With the UK Government wanting English schools to open next month and no specific guidance on how each subject might prepare to teach there is a lot of concerned chatter on social media as to how music might be taught in the classroom and how instrumental and choral groups might once more begin to rehearse. There are similar concerns in the USA where the music curriculum is much more ensemble orientated than in the UK. This blog reviews some of the articles and guidance which has been published throughout the world. The starting point is a review of instrument cleanliness and leads into a review of the conditions to be considered before embarking on ensemble rehearsals. Also assessed are the considerations needed to teach music in the classroom. This blog does not consider how visiting teachers will be used. This will be explored in another article.
In the USA, the NAMM Foundation has a batch of resources concerning instrument cleanliness. “Instrument Cleaning: Guidelines and Information”, has been written with advice from the Centre for Disease Control. The full article gives a description of how various parts of instruments should be cleaned. How often is discretional but where instruments are shared then it should be noted that the virus can remain on surfaces as follows
Brass – Up to 5 Days
Wood – Up to 4 Days
Plastic – Up to 3 Days
Strings – Up to 3 Days
Cork – Up to 2 Days
Each of these articles refers to the type of disinfectant to be used but they do refer to American products.
However, there are general principles which cover both whole class instrumental teaching and general classroom creative work.
- Avoid sharing as much as possible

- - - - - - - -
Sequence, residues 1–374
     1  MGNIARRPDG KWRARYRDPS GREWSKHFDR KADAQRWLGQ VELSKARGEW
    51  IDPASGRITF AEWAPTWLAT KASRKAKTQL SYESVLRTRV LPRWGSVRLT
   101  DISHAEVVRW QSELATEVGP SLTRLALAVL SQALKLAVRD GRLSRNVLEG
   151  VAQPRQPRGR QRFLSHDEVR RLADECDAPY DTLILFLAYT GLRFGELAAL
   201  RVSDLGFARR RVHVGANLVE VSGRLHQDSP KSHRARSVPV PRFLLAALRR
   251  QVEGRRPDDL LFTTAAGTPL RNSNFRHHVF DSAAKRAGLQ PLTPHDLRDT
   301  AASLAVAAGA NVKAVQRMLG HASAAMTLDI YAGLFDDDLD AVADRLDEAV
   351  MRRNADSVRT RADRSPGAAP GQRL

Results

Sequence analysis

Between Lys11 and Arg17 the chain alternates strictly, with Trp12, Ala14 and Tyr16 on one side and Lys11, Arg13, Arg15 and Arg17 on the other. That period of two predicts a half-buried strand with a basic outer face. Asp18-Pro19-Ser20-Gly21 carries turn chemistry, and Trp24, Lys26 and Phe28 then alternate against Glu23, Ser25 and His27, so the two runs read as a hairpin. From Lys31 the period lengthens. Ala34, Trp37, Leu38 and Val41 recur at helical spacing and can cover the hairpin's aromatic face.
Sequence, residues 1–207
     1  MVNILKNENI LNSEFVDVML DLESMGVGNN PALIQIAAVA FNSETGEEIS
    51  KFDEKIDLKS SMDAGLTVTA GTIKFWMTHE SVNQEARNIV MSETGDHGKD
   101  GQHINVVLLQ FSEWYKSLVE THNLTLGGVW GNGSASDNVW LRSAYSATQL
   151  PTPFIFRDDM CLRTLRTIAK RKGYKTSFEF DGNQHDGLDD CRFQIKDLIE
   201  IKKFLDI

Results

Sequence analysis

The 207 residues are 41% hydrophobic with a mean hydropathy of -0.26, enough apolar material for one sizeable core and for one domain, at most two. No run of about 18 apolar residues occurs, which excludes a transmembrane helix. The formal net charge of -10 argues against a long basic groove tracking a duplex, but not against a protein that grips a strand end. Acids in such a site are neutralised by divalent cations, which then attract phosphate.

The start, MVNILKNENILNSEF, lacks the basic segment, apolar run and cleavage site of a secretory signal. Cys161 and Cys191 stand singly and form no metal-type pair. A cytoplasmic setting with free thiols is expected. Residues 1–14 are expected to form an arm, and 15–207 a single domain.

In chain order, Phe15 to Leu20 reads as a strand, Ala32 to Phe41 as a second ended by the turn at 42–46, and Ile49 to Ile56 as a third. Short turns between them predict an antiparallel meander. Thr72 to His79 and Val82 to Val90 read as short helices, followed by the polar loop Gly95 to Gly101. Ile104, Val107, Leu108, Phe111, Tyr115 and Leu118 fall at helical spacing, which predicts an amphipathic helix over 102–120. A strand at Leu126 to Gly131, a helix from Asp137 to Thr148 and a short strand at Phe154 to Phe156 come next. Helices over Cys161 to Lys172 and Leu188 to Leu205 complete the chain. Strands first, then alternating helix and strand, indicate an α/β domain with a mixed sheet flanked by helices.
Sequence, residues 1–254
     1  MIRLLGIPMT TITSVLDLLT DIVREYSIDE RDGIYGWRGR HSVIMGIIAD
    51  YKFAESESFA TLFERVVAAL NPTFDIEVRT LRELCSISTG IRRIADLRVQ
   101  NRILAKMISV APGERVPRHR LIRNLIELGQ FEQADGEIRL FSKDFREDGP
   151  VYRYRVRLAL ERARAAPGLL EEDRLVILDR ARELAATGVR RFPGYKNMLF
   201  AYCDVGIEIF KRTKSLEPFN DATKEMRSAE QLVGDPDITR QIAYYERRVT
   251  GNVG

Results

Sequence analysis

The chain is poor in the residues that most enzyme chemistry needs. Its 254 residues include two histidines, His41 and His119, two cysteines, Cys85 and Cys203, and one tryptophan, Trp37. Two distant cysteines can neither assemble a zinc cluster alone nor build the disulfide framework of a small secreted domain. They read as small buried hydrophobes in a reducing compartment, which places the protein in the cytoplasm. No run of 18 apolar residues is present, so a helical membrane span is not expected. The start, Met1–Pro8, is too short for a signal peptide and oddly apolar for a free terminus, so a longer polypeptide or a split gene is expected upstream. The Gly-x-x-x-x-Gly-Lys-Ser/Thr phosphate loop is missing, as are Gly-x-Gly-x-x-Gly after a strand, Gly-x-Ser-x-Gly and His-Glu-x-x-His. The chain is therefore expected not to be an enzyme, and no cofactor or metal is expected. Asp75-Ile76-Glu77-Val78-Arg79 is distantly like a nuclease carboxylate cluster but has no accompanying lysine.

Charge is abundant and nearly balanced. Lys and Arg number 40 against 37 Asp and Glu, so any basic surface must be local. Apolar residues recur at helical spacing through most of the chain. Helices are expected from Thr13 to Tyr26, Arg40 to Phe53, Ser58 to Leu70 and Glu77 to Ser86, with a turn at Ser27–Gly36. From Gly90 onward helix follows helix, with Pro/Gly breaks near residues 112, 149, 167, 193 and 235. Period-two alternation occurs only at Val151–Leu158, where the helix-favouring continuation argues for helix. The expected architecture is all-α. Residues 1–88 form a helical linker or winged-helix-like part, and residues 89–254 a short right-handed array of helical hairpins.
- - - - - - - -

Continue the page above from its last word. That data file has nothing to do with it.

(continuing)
- Whenever possible provide individual mouthpieces or recorders for students.
- Reeds are never to be shared, and do not require sanitizing.
- When mouthpieces must be shared, they should be disinfected
There have been reports of choral performances in the early days of the epidemic leading to choir members falling ill. This article points out that these instances were before such things as lockdowns and social distancing came fully into place, but the production of aerosol and droplets is now the subject of research.
Several media reports (especially of choirs) have suggested that COVID-19 can be transmitted via aerosols (microscopic water droplets too light to be affected by gravity) from asymptomatic persons. But infection can also be spread through droplets. These are heavier and drop to surfaces quicker but can be picked up by touching a surface.
This article explains the differences between droplets and aerosols well and there are a couple of interesting video clips to demonstrate the points embedded in the article.
As reported by the Slipped Disc website  “Professor Christian Kähler and Dr Rainer Hain from the Military University in Munich have been conducting experiments with singers and orchestral musicians to determine whether their activities can spread the Coronavirus.
The initial results from the Institute of Fluid Mechanics and Aerodynamics are encouraging.
Air was set in motion no more than half a metre in front of the mouth, making virus spread beyond that ‘extremely unlikely’, according to the study leaders. Kähler nonetheless recommended a 1.5 metre safety cordon in a choir or church, as well as distancing between singers to prevent droplet infection.